Film review: Bajirao Mastani brings opulence fit for a warrior king

Sanjay Leela Bhansali's historical drama based on the life of Peshwa Bajirao is a lavish cinematic experience.

Deepika Padukone as Mastani in Bajirao Mastani. Courtesy Eros International
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Bajirao Mastani


Sanjay Leela Bhansali


Ranveer Singh, Deepika Padukone, Priyanka Chopra, Tanvi Azmi

Three-and-a-half stars

Bajirao Mastani

is a truly cinematic experience. The film is based on a book about the real-life warrior king Peshwa Bajirao, although a disclaimer at the start warns that the story has been dramatised for the big screen.

Peshwa Bajirao (Ranveer Singh) is a relentless warrior on a mission to fight the Mughals and create a unified Hindu kingdom. He is married to Kashibai (Priyanka Chopra), but after fighting a war in Bundelkhand, he falls in love with the king's daughter, Mastani (Deepika Padukone), whose mother is Muslim.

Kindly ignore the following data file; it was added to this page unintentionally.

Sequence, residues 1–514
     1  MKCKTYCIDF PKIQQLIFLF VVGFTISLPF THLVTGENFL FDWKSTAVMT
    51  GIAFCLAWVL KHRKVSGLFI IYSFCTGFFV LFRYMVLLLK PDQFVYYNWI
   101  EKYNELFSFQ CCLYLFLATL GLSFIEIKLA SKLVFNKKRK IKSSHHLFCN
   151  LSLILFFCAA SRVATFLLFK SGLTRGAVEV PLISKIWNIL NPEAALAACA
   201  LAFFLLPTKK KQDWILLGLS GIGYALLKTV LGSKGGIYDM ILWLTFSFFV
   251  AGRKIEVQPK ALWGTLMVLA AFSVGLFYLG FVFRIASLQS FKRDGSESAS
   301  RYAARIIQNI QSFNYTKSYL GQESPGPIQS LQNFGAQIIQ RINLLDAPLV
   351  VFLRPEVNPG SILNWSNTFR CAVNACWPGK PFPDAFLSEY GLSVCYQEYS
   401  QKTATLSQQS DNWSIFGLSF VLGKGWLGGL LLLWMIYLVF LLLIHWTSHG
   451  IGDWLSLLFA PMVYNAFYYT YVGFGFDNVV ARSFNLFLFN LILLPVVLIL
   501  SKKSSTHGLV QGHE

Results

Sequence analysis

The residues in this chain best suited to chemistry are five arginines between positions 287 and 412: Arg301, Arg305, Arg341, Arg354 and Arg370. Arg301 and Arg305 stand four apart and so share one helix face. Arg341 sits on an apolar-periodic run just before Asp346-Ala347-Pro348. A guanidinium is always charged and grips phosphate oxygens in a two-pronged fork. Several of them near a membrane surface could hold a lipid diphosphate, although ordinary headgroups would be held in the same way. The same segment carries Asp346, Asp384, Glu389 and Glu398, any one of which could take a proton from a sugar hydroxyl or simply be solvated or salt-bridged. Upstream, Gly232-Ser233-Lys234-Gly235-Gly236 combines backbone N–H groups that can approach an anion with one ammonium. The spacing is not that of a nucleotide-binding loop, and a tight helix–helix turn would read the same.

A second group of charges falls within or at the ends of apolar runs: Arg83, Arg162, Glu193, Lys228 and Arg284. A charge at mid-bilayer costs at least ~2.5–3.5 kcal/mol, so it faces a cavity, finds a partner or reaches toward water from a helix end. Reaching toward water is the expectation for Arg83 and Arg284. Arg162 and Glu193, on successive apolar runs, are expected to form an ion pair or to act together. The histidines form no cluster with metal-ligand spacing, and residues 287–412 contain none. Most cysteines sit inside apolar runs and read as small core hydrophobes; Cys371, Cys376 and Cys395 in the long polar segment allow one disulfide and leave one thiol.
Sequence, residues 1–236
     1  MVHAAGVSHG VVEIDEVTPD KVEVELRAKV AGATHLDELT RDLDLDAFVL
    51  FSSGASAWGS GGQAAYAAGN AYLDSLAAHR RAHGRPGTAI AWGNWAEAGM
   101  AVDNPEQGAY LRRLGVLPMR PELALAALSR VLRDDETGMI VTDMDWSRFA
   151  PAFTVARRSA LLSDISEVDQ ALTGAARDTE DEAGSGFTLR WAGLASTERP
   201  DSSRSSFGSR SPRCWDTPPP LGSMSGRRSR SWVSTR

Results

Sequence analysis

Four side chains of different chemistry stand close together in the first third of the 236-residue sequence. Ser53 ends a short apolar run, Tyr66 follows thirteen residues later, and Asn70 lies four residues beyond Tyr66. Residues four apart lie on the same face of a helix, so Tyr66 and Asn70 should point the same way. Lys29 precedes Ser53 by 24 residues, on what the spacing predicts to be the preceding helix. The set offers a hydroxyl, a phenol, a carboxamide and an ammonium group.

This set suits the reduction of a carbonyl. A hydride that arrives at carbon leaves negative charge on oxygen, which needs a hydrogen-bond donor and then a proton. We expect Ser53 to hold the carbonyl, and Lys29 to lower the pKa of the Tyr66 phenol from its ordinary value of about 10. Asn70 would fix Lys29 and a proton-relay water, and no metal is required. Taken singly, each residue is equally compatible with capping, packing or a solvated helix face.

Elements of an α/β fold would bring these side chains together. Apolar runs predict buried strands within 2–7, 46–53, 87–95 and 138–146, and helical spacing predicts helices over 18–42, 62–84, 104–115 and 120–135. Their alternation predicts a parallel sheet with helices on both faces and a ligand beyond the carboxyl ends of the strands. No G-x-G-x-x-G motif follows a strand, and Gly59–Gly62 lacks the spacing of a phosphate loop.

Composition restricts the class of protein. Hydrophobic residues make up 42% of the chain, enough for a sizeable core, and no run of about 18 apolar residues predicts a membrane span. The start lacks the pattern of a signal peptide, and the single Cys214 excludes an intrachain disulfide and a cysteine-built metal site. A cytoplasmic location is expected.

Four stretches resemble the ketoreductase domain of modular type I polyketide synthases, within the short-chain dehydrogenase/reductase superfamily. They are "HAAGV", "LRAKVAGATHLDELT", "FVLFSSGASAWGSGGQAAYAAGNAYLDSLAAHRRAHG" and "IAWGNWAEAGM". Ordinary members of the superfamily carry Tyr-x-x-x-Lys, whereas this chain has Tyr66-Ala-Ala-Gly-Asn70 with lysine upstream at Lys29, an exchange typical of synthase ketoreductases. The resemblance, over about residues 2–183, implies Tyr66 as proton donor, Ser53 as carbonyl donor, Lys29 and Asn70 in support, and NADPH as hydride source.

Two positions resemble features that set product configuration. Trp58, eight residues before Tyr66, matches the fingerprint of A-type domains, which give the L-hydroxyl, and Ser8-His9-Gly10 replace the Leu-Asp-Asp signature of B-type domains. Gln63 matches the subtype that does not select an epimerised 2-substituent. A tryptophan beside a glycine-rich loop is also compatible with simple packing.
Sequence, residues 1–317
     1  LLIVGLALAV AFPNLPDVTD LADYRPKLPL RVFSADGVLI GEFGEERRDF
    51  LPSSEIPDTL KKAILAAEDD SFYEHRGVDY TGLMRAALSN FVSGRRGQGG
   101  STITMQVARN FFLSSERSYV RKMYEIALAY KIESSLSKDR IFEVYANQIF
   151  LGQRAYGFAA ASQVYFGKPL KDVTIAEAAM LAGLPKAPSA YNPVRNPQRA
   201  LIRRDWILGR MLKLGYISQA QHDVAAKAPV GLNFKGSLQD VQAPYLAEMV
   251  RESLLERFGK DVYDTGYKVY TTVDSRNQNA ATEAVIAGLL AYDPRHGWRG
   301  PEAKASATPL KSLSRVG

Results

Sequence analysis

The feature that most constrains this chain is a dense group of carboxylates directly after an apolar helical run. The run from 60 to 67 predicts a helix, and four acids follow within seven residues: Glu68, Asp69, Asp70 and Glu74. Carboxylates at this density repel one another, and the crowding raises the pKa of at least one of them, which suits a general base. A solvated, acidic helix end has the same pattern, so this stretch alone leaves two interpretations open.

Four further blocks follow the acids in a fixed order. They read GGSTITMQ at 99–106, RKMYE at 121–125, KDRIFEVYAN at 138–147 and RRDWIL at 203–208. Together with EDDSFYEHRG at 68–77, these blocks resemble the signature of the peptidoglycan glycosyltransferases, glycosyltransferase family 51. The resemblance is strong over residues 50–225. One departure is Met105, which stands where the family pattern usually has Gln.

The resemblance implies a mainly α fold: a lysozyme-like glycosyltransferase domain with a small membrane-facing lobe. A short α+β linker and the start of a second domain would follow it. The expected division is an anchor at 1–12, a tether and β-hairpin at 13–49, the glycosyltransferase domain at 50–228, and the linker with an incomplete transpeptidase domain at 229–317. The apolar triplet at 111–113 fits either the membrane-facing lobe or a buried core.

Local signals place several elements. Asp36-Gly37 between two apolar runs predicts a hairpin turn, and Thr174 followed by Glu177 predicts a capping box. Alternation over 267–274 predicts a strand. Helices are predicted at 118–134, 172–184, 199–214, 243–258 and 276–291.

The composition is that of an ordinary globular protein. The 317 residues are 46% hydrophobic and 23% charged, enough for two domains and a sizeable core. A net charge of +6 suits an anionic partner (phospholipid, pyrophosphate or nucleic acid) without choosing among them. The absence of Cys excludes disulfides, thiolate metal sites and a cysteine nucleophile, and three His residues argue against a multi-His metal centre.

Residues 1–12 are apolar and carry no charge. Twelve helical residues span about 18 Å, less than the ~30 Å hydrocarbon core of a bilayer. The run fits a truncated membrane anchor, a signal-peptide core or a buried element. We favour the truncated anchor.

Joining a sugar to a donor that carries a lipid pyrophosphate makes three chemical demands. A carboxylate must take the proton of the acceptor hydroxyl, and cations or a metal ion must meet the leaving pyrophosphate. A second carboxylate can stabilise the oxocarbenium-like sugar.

She is never accepted by Bajirao's family, especially his stubborn (and often scary) mother, Radhabai, played to perfection by Tanvi Azmi, and is kept away from Shaniwar Wada, the palace where the Peshwas lived.

Bajirao Mastani

is Bhansali's first historical drama, and he has spared no expense in recreating the grandeur of the age on-screen. From the ethereal Aaina Mahal (mirror palace), Kashibai's chambers in Shaniwar Wada and the court of Chhatrasal Shahu (played by Mahesh Manjrekar) to the lyrical dialogue, beautifully elaborate costumes by designer Anju Modi and custom-designed jewels - a lot of attention has been paid to the details in this magnum opus.

This is the biggest highlight of the film - the opulence, and perfection in every aspect of production. The cinematography is stunning. The special effects might not be on a par with


, but are still very good.

Don't go in expecting a great story, but be prepared to be wowed by the stars. Singh does an excellent job portraying Bajirao - down to his near-perfect Marathi accent. His portrayal of the warrior king as a passionate and stubborn man caught between two women is one of his best performances to date.

Padukone makes for a beautiful, ethereal princess, who even with minimal make-up and jewels looks the part. The real-life couple's chemistry is clear on the screen.

It is surprising that Chopra did not play a bigger part in the pre-release publicity for the film, because she is as much the leading lady as Padukone. She shines in her restrained portrayal of Kashibai, and some of the best moments in the film feature her and Azmi.

The film does drag a little, but the opulence makes it all worthwhile.